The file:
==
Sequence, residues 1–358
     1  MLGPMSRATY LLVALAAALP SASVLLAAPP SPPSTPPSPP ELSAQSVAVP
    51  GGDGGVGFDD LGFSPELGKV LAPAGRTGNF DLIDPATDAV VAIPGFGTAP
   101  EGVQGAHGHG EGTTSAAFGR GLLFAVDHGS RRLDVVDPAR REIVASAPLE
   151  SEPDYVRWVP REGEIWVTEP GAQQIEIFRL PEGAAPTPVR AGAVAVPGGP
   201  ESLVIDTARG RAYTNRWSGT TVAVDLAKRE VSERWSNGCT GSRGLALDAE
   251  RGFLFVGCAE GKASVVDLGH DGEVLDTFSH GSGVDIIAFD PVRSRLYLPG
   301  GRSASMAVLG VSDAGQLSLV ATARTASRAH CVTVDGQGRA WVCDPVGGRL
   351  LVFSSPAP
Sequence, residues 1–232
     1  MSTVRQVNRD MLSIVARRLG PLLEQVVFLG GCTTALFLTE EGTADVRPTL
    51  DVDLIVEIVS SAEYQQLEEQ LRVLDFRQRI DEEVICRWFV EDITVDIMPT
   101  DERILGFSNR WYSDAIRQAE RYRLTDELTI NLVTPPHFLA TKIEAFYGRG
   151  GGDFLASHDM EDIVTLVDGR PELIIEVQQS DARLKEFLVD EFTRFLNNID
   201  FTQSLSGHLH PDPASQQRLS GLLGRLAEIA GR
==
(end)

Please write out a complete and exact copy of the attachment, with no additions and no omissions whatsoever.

Sequence, residues 1–358
     1  MLGPMSRATY LLVALAAALP SASVLLAAPP SPPSTPPSPP ELSAQSVAVP
    51  GGDGGVGFDD LGFSPELGKV LAPAGRTGNF DLIDPATDAV VAIPGFGTAP
   101  EGVQGAHGHG EGTTSAAFGR GLLFAVDHGS RRLDVVDPAR REIVASAPLE
   151  SEPDYVRWVP REGEIWVTEP GAQQIEIFRL PEGAAPTPVR AGAVAVPGGP
   201  ESLVIDTARG RAYTNRWSGT TVAVDLAKRE VSERWSNGCT GSRGLALDAE
   251  RGFLFVGCAE GKASVVDLGH DGEVLDTFSH GSGVDIIAFD PVRSRLYLPG
   301  GRSASMAVLG VSDAGQLSLV ATARTASRAH CVTVDGQGRA WVCDPVGGRL
   351  LVFSSPAP
Sequence, residues 1–232
     1  MSTVRQVNRD MLSIVARRLG PLLEQVVFLG GCTTALFLTE EGTADVRPTL
    51  DVDLIVEIVS SAEYQQLEEQ LRVLDFRQRI DEEVICRWFV EDITVDIMPT
   101  DERILGFSNR WYSDAIRQAE RYRLTDELTI NLVTPPHFLA TKIEAFYGRG
   151  GGDFLASHDM EDIVTLVDGR PELIIEVQQS DARLKEFLVD EFTRFLNNID
   201  FTQSLSGHLH PDPASQQRLS GLLGRLAEIA GR